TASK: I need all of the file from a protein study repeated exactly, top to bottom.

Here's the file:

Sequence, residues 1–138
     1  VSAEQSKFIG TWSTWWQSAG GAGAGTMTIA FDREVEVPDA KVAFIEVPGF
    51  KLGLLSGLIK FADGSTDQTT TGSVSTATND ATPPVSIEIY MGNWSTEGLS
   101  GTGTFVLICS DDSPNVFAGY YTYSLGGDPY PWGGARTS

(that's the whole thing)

Sequence, residues 1–138
     1  VSAEQSKFIG TWSTWWQSAG GAGAGTMTIA FDREVEVPDA KVAFIEVPGF
    51  KLGLLSGLIK FADGSTDQTT TGSVSTATND ATPPVSIEIY MGNWSTEGLS
   101  GTGTFVLICS DDSPNVFAGY YTYSLGGDPY PWGGARTS